The funny part, of course, comes from revealing the sequence of drawings and guesses: these can range from the relatively mundane (the ones that everyone gets correct tend to be boring) to the side-splitting. Players who feel mischievous have exceptional opportunities to create hilarity by making "unusual" guesses that can start chain reactions of interesting drawings. A particularly hard-to-articulate concept as a word might yield surprising results. An extraneous line or odd artistic element in a drawing can derail a chain of successful guesses in uncannily funny ways.

This is really a game to be played among people who know each other fairly well. Attempting to play with strangers will end probably in little but awkwardness. Players who know each other well, however, can gauge just how much humorous peculiarity in a drawing will be funny without becoming unpleasant. It also helps, it seems, to have a group with a good amount of common knowledge, but also some individual quircks. Played with good friends or family (at least family that you like), Telestrations can quickly become a priceless favorite. All in all, it was a sound investment of the highest order.
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Travis Easton
United States
Casey
Illinois
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Sounds just like "Eat Poop You Cat" which has become all the rage on BGG recently.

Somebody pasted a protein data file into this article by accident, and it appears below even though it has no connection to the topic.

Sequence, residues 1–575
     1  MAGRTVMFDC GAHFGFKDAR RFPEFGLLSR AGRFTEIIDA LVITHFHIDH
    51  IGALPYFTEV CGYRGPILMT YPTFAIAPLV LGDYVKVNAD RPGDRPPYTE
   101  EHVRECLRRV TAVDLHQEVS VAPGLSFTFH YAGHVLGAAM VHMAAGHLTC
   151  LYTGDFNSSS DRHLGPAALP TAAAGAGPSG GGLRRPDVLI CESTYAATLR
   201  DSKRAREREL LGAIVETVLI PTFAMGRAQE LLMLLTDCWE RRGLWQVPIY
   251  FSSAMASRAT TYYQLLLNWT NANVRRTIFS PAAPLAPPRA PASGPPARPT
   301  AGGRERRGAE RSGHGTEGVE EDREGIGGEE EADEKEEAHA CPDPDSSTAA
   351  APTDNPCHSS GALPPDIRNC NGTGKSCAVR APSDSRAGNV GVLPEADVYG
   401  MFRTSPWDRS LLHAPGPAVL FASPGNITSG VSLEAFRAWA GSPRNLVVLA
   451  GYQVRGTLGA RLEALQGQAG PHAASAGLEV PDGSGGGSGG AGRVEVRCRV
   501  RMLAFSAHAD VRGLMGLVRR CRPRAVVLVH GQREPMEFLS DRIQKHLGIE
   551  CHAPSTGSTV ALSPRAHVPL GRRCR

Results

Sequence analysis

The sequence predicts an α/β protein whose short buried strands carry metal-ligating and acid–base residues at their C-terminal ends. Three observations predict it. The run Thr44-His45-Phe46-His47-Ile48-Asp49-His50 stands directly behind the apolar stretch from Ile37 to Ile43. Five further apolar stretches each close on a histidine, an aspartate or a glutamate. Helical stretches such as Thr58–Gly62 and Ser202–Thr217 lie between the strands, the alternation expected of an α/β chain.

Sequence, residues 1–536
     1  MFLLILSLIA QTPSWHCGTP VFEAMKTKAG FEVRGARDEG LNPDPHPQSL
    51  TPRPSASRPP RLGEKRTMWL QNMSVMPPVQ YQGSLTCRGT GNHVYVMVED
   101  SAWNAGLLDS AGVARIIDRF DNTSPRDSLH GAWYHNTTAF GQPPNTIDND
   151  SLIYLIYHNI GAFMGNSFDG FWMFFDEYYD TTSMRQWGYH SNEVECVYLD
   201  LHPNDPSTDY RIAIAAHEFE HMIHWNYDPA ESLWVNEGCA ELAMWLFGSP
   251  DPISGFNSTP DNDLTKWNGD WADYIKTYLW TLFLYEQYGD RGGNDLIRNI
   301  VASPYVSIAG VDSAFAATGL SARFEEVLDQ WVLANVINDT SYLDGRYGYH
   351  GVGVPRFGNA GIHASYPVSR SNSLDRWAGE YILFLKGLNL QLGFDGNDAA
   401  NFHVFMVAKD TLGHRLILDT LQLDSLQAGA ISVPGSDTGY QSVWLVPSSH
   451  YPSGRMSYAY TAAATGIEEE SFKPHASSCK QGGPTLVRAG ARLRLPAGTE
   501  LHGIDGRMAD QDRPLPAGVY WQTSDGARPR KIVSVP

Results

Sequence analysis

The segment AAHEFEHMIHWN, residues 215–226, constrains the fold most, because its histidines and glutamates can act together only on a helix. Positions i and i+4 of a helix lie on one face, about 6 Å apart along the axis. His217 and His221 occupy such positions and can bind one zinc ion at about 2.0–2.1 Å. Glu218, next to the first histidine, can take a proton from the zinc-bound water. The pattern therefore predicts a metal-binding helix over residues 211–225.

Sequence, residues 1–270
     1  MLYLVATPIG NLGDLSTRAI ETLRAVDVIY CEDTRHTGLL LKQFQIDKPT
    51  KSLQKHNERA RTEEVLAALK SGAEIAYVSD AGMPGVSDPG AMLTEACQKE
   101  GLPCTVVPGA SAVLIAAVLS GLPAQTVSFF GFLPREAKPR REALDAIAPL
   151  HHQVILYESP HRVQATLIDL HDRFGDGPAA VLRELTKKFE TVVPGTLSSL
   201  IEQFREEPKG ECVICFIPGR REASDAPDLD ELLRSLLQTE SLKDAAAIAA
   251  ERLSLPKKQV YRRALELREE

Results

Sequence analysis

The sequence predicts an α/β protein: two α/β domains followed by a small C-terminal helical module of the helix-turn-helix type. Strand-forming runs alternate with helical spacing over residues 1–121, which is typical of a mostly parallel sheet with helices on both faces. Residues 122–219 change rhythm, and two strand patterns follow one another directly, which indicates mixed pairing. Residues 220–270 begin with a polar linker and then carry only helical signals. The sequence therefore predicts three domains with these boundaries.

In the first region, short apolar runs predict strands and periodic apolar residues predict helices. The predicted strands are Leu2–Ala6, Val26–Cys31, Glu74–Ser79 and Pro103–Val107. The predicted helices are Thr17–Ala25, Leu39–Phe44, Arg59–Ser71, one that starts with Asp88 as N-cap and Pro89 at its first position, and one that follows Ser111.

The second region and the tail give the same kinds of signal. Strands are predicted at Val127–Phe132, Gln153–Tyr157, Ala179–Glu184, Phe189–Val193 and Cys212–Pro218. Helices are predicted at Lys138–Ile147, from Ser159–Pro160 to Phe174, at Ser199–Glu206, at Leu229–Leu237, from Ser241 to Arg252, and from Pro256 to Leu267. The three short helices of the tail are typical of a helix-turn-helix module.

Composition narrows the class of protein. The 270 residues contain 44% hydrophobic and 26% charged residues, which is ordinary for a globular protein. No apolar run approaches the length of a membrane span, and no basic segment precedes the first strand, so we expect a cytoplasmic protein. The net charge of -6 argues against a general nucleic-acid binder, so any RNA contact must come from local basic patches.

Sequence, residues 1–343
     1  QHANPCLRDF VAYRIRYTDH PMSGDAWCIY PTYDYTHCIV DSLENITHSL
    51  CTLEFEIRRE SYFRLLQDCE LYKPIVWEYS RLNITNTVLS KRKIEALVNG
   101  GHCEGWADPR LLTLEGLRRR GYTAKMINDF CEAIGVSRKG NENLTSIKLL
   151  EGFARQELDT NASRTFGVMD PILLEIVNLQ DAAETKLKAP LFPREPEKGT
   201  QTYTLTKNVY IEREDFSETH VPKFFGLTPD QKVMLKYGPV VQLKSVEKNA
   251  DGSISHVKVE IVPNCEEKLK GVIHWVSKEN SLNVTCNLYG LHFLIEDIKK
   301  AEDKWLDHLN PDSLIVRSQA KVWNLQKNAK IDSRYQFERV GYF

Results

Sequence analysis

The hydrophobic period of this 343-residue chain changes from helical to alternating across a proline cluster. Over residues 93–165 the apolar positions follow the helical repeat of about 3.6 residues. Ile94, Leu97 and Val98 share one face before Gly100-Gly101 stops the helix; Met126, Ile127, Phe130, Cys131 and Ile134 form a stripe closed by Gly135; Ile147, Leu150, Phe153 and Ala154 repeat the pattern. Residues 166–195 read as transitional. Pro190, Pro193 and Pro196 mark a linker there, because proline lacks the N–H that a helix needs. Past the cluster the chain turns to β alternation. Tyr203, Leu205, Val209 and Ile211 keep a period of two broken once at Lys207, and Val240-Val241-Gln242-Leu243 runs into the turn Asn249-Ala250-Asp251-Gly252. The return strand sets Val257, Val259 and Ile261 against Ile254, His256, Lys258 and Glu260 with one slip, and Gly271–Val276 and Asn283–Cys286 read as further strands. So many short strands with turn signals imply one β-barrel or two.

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Andrea Doria
United States
Tennessee
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I keep hearing the name and haven't ever looked at the game. This one at least has a more pleasant name.
 
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Randy Cox
United States
Clemson
South Carolina
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1024x768 works just fine - Don't Wide the Site!
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The Back Alley gets no respect.
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Mutombo wrote:
Sounds just like "Eat Poop You Cat" which has become all the rage on BGG recently.
I have only played the telephone game (oddly named EPYC) via geek mail and I can say that it was not so fun. Phrases begin far too long and get distorted into trash almost instantly.

In Telestrations, the simple word/phrase at the beginning does morph away from what it is fairly quickly, but in a more reasonable and (most importantly!) quick manner. It is hilarious.

My modification:
- I don't give a one point bonus for writers (and the prior author) matching the original word. Only the one point for matching the word prior to the most recent drawing.

- We bend the "no letters or numbers" rule to allow the letter "X" when it is used as a symbol. For instance, if you want to get across that there is text on a document or on a bottle of rum or bottle of poison, you can put an X in for generic letters. People also like to put an X on a stick figure's eyes to connote death. That's OK.

I really think it's odd to give the card owner a bonus point when it goes all the way around the table, but it happens so rarely that I don't have a big problem with that extra point.